Dziekan Administration Hires Dugatto Ally As Consultant

Mayor Rich Dziekan’s new administration reached out across political rivalries again this week by hiring Lynn DiGiovanni as a consultant.

DiGiovanni is former Mayor Anita Dugatto’s sister-in-law.

Dziekan unseated Dugatto — a two-term mayor and the city’s first female to hold the position — on Nov. 6.

DiGiovanni will act as a conduit between Dziekan’s administration and state officials concerning the widening of Route 34 and the redevelopment initiative under way on the south side of Derby’s Main Street.

She will be paid $1,000 per week, according to Andrew Baklik, Mayor Dziekan’s chief of staff.

The hire is temporary, as DiGiovanni is scheduled to take another job outside of Derby government in mid-January.

DiGiovanni essentially held the same position when Dugatto was in office, albeit on a voluntary basis, according to Baklik.

She has important institutional knowledge when it comes the various redevelopment grants Derby has received in four years — and the state has a lot of money tied up in Derby.

The state has committed somewhere in the neighborhood of $6 million during Dugatto’s time in office to help Derby come up with a workable plan for its redevelopment zone — the stretch of land between Main Street and the Housatonic River from the Derby-Shelton bridge to the former Lifetouch property next to the entrance to Route 8 south.

About $450,000 paid for a consulting company to study the area and hold public forums which resulted in the “U street” plan for the redevelopment zone.

The city is receiving $5 million from the state to build streets and infrastructure within the redevelopment zone.

Most recently Derby received $200,000 from the state to conduct environmental assessments in the redevelopment zone.

A job training facility connected to a community college is already in serious discussions for the former Lifetouch property.

The hope is the redevelopment zone can eventually yield 469 residential units, 96,000 square feet of retail, and 66,000 square feet of small manufacturing.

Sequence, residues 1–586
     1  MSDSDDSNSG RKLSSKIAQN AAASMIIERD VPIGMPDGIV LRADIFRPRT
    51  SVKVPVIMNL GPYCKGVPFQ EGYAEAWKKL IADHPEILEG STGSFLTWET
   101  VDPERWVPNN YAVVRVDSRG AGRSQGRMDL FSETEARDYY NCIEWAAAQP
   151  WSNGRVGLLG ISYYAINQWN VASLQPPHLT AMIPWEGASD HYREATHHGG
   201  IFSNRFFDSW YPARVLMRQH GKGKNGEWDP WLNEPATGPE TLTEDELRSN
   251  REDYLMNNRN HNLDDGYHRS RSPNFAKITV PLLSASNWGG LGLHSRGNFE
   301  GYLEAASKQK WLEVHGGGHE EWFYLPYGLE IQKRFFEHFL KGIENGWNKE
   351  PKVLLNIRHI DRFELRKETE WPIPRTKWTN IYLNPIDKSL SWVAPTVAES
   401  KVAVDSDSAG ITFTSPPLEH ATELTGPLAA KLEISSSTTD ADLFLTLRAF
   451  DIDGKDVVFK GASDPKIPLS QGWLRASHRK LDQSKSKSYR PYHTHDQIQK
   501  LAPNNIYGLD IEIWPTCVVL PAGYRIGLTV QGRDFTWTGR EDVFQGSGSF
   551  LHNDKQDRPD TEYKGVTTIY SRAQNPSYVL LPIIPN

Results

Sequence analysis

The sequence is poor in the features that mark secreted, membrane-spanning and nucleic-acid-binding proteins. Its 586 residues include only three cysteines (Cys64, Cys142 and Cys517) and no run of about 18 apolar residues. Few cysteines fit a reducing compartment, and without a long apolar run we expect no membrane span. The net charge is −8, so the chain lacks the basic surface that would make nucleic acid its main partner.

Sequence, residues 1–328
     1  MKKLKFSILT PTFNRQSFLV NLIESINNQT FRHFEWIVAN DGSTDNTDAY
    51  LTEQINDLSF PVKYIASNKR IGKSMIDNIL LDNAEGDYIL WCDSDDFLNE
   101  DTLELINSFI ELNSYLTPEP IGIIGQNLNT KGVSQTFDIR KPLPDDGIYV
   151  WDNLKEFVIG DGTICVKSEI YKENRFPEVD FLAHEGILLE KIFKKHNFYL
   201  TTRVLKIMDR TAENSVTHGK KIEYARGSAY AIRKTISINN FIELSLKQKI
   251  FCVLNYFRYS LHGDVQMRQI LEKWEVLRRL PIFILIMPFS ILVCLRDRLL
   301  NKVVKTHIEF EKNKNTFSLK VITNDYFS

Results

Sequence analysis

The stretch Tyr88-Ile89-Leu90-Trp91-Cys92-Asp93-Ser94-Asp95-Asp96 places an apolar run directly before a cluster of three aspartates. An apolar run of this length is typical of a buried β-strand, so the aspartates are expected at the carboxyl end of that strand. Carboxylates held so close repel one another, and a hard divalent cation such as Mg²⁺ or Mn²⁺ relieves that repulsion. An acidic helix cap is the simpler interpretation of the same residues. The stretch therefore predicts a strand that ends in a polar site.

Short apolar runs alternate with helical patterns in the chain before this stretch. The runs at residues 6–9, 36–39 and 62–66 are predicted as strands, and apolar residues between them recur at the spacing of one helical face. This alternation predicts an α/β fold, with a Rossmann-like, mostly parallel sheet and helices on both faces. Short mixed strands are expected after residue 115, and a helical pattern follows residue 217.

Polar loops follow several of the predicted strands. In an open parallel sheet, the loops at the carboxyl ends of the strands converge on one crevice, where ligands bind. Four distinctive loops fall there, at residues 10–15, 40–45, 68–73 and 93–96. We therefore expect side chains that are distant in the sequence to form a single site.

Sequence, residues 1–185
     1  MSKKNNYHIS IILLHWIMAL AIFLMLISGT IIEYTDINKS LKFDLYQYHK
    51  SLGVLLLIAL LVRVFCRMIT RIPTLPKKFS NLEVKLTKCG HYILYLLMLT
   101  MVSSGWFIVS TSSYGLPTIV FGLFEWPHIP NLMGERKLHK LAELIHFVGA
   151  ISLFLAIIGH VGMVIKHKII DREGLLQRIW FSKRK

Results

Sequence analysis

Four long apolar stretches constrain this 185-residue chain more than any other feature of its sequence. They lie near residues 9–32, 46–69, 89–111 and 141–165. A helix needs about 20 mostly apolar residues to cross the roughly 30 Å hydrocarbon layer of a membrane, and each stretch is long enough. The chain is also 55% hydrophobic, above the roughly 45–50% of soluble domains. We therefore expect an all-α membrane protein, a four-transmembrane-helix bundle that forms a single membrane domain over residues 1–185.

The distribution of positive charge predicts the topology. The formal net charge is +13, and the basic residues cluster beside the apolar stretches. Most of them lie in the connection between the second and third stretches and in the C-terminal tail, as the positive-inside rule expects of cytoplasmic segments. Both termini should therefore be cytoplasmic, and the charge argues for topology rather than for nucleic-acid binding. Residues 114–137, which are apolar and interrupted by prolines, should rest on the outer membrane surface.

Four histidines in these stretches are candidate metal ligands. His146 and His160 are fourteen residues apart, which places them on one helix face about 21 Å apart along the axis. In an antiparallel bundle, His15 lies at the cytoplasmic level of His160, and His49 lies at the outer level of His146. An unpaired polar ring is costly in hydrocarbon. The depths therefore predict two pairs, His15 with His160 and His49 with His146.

DiGiovanni was a key behind-the-scenes player between Dugatto’s administration and the state regarding those grants, Baklik said.

On Monday Dziekan and Baklik — both Republicans — told The Valley Indy Carmen DiCenso, a Democrat and former president of the Board of Aldermen, had been hired as a part-time economic development liaison.

He will be paid $25 an hour, Baklik said Wednesday.

Baklik said DiCenso and DiGiovanni will be working closely for the next month.

Bringing in both DiCenso and DiGiovanni makes sense, Baklik said.

“Lynn was another no-brainer choice for us. I keep thinking about that (Sterling) opera house grant, and some of the things that were not communicated in between the change of administrations last time,” he said, referring the city drawing money from a grant without doing the necessary paperwork.

“We just don’t want those things to happen,” Baklik said. “It’s really great from a continuity standpoint to have her on board.”

The chief of staff said the new administration “doesn’t want to drop the ball with things we have going on with the (state) DOT, or DEEP, or the Department of Economic Development. (DiGiovanni) really has great relationships already, not to mention Naugatuck Valley COG.”

In an email, DiGiovanni said her decision to take the job was not hard. The downtown projects are not about party politics, they’re about the greater good of the city.

“For the first time in many, many years, downtown development is getting some real traction,” she said. “A project of this complexity and scale requires continuity and persistent effort to be successful — and it has to transcend politics. I wanted to do what I could to maintain that momentum and position the new administration for continued success.”

Baklik said hiring DiCenso and DiGiovanni show Mayor Dziekan wants to move Derby forward, and that hiring good people isn’t connected to which “team” they were on.


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